BOSTON — With the way Jackie Bradley Jr. and Xander Bogaerts have been hitting, it’s easy to forget about Mookie Betts sometimes.
But it was impossible to ignore the Red Sox right fielder Saturday at Fenway Park.
That’s because Betts was a one-man wrecking crew against the Cleveland Indians, going 3-for-5 with two home runs, three runs scored and a career-high five RBIs to carry Boston’s offense in a 9-1 blowout win. All three of his hits went for extra bases: A rocket double off the Green Monster in the third inning, a solo homer in the fourth and a grand slam to top it all off in the seventh.
“He’s got such lightning bat speed,” manager John Farrell said of Betts. “Velocity, he can catch up to it. He’s hitting balls hard. Particularly at home here, he’s a good pull hitter, he’s got a chance to use that wall, and fortunately he lofted it over (on his home runs).”
Ironically, Betts’ double was more well-struck than either of his homers, which both landed in the first row of the Monster seats. His solo shot was inches away from scraping the top of the Monster, and his teammates made him aware of that fact when he returned to the dugout.
“They were just saying, ‘(MLB.com’s) Statcast said that came off (the bat) at like 85 (miles per hour),” Betts said with a grin. “Hey, whatever. A home run’s a home run.”
The 23-year-old now has nine homers through 43 games after clubbing 18 through 142 games last season and has displayed some impressive power of late after a slow start to the season. He now has six extra-base hits in his last three games and has driven in at least one run in nine of Boston’s last 12 contests.
“I just try to do something good every day,” Betts said. “Whether it’s offense, defense, baserunning, whatever.”
Let’s hit a few other notes from Saturday’s win:
— Joe Kelly continued an impressive streak with his strong outing, as he’s now won his last 10 decisions. The right-hander hasn’t been handed a loss since July 22, 2015.
— Bradley extended his hitting streak to 26 games despite getting walked three times, twice intentionally and once semi-intentionally on four pitches. Farrell hinted that opposing pitchers’ insistence on avoiding his hottest hitter could prompt a lineup reshuffling.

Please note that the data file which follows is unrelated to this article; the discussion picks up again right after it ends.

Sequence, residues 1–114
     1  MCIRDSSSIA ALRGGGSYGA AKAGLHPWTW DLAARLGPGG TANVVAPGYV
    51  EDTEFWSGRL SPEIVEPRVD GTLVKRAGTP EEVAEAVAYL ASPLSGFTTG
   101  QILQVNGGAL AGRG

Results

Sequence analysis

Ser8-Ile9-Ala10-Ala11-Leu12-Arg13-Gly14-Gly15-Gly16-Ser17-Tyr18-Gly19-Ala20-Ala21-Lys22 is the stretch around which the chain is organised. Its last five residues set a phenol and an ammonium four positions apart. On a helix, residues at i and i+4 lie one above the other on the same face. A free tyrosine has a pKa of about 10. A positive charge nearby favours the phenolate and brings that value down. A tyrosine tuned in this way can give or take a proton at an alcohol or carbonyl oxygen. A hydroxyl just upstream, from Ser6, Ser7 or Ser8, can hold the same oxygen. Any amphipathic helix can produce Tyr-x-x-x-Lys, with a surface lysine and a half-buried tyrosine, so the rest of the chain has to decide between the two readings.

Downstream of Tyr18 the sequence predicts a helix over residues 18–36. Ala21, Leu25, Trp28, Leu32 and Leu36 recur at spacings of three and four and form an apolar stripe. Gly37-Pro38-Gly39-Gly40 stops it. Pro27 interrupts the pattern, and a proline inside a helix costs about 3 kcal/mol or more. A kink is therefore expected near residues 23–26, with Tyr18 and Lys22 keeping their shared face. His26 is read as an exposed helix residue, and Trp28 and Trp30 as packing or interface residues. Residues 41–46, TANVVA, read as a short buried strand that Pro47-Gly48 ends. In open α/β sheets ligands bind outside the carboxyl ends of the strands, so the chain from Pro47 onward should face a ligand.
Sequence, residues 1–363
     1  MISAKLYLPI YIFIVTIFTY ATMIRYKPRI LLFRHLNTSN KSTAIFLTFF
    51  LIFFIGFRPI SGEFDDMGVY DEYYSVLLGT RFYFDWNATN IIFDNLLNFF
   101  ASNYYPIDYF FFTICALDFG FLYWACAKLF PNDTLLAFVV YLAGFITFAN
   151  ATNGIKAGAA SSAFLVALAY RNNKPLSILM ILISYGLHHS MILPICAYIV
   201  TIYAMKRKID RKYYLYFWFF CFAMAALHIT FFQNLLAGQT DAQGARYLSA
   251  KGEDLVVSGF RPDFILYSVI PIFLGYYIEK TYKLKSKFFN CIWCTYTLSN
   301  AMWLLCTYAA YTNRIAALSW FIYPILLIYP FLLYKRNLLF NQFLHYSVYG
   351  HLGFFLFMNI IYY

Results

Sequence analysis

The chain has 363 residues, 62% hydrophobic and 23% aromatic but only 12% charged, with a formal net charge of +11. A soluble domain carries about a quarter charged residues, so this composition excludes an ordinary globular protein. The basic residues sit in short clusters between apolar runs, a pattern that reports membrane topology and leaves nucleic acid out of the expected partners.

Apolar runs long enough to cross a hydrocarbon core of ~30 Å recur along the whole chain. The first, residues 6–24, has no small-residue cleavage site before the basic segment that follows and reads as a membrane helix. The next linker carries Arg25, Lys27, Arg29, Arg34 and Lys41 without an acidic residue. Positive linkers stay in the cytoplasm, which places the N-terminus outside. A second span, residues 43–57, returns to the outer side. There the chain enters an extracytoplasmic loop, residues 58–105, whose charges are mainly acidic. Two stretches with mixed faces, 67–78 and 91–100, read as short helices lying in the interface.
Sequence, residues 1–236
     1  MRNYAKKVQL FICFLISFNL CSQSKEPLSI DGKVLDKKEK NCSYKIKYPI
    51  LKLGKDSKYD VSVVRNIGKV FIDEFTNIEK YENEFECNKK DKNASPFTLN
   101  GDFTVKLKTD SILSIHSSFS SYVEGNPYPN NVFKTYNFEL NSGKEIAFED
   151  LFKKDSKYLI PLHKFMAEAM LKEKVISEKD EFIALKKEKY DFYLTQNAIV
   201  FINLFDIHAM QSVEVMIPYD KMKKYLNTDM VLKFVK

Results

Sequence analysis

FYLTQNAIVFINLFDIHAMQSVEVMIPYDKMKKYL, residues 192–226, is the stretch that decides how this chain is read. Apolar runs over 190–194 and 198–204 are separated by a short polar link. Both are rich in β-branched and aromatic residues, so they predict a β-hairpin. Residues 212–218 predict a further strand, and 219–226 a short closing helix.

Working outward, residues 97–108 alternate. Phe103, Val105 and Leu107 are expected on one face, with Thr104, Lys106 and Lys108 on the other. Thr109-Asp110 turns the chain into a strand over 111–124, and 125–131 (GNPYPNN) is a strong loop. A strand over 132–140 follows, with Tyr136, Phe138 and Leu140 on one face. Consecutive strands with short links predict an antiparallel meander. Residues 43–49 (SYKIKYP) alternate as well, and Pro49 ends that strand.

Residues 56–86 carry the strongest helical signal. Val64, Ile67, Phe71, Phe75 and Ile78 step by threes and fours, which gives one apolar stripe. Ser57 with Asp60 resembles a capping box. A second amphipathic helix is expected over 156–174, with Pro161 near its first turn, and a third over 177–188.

“I think there was a clear strategy (Saturday): They’re not going to give (Bradley) a chance,” Farrell said. “So, we might have to adjust some things going forward, just so he’s got maybe a different slot in the lineup just to be in the middle of potentially building an inning further.”
— Catcher Ryan Hanigan exited the game in the sixth inning with a left hand contusion after being hit by a pitch. Postgame X-rays on his hand were negative, and Farrell is hoping the injury isn’t too serious.
“He’s day-to-day,” Farrell said. “That pitch (hit him in) kind of the fatty part of the outside of the palm. He’s got a little bit of a split in the skin, but we’ll check him certainly (Sunday).”
— Eduardo Rodriguez’s rehab has taken a turn for the better, and he might have a new brace on his left knee to thank. The 23-year-old left-hander participated in pitchers’ infield practice before Saturday’s game and appears back on track to make another rehab start in Triple-A Pawtucket on Tuesday.
“He had a strong work session (Saturday) with the PFP that he went through. Feels good coming out of it,” Farrell said. “He was fitted for a brace, and the confidence that he’s got from that is substantial. There’s evenness to his running gate. He might have favored it a little bit prior. But change of direction, his footwork, all that was very good.”
— Brock Holt, who was placed on the seven-day concussion disabled list Friday, will travel to Pittsburgh on Tuesday to be evaluated by concussion specialist Dr. Mickey Collins. Farrell hopes Holt will return soon but didn’t provide a timetable and spoke before the game of the issues such an injury can create.
“I think there’s always that delay in focus, where a quick head movement, it may take a little longer than normal to refocus,” Farrell said. “And that can be from change of direction on a play, run to a spot in the outfield, look up and reconnect with a flight of a fly ball, to reading pitches as they’re entering the strike zone. So, (with) all those, I think he felt a little disorientation, to express what he was going through.”
Thumbnail photo via Bob DeChiara/USA TODAY Sports Images
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